He planned to cross it and reach the city before the boat touched the other shore. Madness! When Manrique arrived panting and covered with sweat at the entrance, and those who had crossed the Duero by the part of San Saturio, they entered Soria by one of the gates of the wall, that at that time reached until the margin of the river, in whose Waters were depicted on their brown battlements.

Although his hope of reaching those who had entered through the wicket of San Saturio had vanished, it was not for this that our hero lost that of knowing the house which could house them in the city. He fixed in his mind this idea, he entered the population, and going towards the neighborhood of San Juan, began to wander through its streets to the ventura.
The streets of Soria were then, and still are, narrow, dark and tortuous. A deep silence reigned in them, silence that only interrupted, now the distant bark of a dog; Now the noise of a door closing, now the neighing of a steed that piafando sounded the chain that held the manger in the underground stables.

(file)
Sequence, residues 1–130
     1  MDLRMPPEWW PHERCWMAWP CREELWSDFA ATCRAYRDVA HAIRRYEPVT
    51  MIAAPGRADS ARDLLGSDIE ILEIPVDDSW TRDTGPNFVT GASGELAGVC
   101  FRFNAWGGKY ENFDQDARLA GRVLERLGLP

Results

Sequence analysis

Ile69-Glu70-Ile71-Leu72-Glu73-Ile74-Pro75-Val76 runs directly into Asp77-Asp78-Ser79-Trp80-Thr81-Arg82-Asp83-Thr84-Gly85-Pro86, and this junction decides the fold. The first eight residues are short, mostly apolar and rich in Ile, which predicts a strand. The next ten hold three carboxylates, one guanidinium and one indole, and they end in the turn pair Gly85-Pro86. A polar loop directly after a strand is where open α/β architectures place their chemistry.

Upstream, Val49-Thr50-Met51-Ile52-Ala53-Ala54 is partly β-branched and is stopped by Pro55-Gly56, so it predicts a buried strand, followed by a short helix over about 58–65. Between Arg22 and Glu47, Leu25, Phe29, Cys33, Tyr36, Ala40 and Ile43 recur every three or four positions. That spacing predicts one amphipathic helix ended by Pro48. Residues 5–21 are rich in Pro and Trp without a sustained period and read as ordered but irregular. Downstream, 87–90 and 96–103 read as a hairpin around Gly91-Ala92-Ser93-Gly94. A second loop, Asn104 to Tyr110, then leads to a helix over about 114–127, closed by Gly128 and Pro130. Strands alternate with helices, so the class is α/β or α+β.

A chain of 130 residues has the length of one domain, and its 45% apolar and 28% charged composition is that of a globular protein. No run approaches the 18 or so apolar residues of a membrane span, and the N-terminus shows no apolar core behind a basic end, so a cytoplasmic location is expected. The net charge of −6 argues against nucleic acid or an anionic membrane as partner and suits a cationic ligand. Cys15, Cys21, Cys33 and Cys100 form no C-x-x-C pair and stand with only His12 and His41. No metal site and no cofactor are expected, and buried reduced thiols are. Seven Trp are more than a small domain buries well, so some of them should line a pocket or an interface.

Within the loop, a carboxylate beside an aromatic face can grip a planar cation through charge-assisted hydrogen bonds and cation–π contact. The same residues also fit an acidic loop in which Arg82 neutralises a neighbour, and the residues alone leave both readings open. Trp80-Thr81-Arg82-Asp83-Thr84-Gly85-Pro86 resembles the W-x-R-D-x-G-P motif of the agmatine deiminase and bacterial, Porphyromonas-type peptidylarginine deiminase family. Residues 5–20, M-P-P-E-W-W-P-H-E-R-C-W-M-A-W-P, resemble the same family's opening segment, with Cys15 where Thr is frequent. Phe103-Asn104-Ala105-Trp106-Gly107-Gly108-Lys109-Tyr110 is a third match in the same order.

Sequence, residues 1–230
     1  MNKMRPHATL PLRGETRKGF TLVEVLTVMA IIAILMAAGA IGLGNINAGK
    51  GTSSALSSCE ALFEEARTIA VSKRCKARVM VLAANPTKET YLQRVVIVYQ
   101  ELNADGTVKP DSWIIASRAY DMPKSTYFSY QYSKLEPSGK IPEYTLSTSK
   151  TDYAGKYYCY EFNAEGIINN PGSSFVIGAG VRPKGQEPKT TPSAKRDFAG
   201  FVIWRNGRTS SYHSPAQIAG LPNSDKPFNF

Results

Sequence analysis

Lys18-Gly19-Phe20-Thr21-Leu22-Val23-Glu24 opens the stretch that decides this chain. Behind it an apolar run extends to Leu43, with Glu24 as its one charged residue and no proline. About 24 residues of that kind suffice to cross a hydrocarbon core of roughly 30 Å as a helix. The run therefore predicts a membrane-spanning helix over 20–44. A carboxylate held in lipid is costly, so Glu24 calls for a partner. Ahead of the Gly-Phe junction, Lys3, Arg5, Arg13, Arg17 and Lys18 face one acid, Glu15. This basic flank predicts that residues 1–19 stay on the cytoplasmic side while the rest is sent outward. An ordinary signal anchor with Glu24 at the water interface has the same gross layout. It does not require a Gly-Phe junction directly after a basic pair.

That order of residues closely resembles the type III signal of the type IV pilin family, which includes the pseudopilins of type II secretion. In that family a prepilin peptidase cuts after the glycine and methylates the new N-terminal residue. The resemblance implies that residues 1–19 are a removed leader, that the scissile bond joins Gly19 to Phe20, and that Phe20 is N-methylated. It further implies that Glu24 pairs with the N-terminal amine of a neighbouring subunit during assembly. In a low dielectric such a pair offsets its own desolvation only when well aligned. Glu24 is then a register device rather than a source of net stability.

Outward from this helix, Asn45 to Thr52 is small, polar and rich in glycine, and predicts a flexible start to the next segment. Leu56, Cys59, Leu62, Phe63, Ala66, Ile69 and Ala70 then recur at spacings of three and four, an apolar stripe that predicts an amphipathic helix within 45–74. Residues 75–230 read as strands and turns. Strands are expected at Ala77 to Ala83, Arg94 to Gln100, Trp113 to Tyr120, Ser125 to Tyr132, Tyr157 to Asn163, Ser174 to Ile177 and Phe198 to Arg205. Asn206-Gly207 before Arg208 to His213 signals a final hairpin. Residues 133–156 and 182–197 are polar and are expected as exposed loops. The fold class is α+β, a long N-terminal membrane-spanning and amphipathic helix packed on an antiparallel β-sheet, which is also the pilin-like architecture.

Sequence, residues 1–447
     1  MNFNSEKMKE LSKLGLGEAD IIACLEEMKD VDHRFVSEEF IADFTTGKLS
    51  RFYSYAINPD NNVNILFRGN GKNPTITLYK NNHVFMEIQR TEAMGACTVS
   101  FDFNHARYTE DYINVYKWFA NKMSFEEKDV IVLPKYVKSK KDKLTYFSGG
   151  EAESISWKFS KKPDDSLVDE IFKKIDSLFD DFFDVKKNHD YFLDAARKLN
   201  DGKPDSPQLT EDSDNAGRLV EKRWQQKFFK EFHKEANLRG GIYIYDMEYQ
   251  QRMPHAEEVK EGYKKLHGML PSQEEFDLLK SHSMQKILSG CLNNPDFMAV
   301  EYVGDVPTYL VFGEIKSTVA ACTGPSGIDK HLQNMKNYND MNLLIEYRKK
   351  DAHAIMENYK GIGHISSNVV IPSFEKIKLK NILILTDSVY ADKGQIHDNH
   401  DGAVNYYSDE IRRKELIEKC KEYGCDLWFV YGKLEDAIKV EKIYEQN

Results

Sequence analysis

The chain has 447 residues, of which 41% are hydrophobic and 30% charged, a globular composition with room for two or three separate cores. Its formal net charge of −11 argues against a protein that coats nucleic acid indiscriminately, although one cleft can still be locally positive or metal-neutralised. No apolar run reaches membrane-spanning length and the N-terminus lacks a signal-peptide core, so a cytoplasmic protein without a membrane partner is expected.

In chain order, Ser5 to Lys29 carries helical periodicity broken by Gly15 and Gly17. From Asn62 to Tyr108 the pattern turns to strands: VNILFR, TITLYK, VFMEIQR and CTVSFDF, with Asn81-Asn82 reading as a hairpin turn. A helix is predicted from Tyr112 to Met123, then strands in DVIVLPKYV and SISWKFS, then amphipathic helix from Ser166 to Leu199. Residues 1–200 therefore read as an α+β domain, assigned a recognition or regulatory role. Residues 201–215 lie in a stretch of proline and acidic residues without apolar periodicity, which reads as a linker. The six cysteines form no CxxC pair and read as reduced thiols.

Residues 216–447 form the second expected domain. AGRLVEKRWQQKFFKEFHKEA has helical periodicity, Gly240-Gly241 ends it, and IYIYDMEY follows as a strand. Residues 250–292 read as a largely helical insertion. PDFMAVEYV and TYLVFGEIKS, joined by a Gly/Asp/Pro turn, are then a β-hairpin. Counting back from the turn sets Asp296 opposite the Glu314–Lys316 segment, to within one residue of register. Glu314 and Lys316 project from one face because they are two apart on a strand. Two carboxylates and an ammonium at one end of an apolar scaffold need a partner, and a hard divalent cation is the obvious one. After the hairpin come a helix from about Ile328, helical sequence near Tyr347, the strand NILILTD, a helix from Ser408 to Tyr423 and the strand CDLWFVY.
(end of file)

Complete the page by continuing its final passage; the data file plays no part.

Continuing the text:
Manrique, with his ear attentive to these rumors of the night, which at times seemed to him the footsteps of a person who had already folded the last corner of a desert alley, others, confused voices of people talking behind their backs and each I expected to see him at his side, he walked a few hours, running at random from one place to another.
At last he paused at the foot of a stone house, dark and ancient, and when he stopped, his eyes shone with an indescribable expression of joy. In one of the lofty windows of what we might call a palace, there was a ray of soft, soft light that, passing through a few rose-colored silk hangings, reflected on the blackish and grating wall of the house of in front.